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Yin and Yang

Three Chinese artists bring their separate world visions

Zhang Jian-Jun takes a somewhat longer view of things. For Vestige of a Process, Houston Project 2002-2023 (2002-2003), Houstonians were invited to pick a site that, for them, personified Houston. A photograph was taken and printed using a process that ensures the photo will gradually fade away over the next 20 years. Zhang then added a painted element -- an elevation to a roof, a bulge to a building -- to render the photo more abstract. In 20 years, only the abstraction will remain of the image, at which time the artist invites someone to return to these sites and photograph them again, continuing the process on into the indefinite future. Given the record of preservation in this town, it seems a particularly quixotic project. But paired with the artist's 2000 Years in Motion, 200 B.C. -- 2003 A.D. (2003), perhaps it'll get folks thinking more about time and history. Three photographs of ruins, again with painted additions, are almost lost on the gallery walls. You're also distracted by the three columnar sculptures, made of silicon and set on motorized wheeled bases, that wander randomly in the space, bouncing off walls and continuing on their absurd journey. Each column is a facsimile of a column in the photographs, and each is topped with a piece of Han Dynasty (202 B.C. -- 220 A.D.) crockery, to marry past and present and produce a humorous and dizzying meditation on time's inexorable passage and our own emphemerality.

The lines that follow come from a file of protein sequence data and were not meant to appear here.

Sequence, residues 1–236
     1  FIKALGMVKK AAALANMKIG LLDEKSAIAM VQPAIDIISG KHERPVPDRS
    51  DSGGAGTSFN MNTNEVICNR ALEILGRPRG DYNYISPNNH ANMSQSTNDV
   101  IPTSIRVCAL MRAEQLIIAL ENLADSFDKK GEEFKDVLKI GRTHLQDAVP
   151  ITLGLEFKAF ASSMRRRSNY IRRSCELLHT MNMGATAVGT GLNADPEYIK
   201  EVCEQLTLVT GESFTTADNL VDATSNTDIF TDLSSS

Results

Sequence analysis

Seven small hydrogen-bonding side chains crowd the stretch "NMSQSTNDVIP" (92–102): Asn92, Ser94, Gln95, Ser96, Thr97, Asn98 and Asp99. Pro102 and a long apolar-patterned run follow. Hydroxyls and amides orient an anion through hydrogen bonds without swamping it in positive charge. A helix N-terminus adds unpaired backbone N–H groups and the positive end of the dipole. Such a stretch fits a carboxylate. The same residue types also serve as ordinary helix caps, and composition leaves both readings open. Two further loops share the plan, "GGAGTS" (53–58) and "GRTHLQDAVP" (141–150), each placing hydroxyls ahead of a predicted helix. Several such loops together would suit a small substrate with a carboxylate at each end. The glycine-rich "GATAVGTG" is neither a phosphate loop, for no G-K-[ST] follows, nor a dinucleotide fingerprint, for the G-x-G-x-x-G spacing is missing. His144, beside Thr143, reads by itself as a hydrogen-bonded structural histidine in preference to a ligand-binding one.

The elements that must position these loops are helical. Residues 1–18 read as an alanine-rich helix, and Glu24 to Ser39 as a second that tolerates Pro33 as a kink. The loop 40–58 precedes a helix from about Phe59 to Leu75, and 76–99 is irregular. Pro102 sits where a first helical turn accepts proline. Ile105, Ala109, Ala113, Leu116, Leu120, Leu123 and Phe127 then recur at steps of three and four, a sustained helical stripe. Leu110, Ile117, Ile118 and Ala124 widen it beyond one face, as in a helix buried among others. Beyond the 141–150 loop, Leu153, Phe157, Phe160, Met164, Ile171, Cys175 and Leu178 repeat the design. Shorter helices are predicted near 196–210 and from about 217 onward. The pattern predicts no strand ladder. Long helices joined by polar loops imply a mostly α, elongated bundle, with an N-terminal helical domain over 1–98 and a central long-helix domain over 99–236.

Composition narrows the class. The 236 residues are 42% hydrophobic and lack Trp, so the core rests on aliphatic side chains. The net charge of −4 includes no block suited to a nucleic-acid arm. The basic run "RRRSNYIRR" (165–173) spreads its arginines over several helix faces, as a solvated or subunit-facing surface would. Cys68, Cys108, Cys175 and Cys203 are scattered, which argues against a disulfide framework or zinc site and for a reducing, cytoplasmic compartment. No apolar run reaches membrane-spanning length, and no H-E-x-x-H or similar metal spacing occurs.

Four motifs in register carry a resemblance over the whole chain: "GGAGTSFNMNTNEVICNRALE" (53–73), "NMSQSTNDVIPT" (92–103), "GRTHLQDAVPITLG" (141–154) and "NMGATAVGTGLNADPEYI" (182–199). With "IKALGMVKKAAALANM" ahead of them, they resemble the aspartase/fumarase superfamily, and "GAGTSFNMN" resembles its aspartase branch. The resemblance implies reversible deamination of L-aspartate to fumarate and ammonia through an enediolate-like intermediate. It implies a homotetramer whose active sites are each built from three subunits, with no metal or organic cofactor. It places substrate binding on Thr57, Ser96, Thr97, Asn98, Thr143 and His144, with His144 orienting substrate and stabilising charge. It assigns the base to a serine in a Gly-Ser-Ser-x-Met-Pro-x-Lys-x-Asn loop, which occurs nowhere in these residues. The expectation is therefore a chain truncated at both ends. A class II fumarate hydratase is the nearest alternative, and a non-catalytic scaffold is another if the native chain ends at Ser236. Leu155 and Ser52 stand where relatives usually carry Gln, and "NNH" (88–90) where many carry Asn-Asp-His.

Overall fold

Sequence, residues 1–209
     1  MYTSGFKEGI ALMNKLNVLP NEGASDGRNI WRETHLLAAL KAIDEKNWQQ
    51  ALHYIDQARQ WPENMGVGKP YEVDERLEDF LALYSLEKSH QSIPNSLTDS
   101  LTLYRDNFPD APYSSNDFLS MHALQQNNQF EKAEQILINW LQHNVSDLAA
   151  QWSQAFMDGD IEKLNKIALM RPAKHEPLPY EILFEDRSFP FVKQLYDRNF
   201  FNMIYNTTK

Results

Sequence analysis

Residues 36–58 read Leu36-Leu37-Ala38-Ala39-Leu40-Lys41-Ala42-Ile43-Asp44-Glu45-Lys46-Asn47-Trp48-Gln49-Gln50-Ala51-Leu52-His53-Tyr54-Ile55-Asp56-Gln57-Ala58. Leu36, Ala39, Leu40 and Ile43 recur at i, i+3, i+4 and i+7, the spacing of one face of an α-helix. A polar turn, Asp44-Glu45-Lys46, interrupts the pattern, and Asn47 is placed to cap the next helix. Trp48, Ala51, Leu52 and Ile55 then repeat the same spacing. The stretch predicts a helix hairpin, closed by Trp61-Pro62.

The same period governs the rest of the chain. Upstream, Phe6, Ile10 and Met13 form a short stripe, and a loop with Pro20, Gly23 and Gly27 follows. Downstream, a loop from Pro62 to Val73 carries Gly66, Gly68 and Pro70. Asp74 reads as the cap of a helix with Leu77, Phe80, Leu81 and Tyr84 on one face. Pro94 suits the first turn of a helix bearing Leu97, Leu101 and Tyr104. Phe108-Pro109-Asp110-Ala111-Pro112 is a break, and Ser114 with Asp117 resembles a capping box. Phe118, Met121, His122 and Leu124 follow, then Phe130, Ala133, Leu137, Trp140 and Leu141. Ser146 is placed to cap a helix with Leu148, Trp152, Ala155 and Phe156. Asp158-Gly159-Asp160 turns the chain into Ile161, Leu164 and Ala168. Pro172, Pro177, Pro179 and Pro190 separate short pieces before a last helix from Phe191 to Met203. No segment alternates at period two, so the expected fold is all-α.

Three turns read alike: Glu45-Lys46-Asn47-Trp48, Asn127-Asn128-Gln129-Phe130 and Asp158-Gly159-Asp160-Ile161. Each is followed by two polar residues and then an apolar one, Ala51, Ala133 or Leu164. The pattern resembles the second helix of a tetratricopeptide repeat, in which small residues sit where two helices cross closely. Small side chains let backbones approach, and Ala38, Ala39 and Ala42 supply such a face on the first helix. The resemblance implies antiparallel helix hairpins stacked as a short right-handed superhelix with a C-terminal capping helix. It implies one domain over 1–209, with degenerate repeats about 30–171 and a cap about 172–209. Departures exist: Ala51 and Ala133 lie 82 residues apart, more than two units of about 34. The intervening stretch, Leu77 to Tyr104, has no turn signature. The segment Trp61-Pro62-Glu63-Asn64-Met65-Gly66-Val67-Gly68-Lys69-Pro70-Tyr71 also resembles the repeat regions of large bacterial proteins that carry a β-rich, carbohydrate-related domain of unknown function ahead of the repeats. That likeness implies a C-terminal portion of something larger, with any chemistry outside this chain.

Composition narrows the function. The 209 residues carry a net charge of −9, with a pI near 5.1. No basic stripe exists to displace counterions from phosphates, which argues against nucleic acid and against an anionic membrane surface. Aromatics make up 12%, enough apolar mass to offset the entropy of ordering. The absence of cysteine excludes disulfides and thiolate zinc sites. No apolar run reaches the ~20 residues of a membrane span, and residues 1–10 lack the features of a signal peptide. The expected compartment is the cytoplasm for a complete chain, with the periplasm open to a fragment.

Zhang has two related pieces at Barbara Davis. Blue Mountain and White Mountain (both 2003) are large silicon castings of a scholar's rock. These rocks, kept by the Chinese literati in their studies as contemplative tools, suggest fantastic and timeless landscapes. Cast in silicon, their timelessness is wedded to a weird contemporaneity, as Zhang vaults not only a temporal gulf but an aesthetic one as well.

Through June 14 at DiverseWorks, 1117 East Freeway, 713-223-8346.

Artist Zhang Huan sits among the pagodas while red foam runs down his torso.
Artist Zhang Huan sits among the pagodas while red foam runs down his torso.

Through May 31 at Barbara Davis Gallery, 5701 Main, 713-520-9200.

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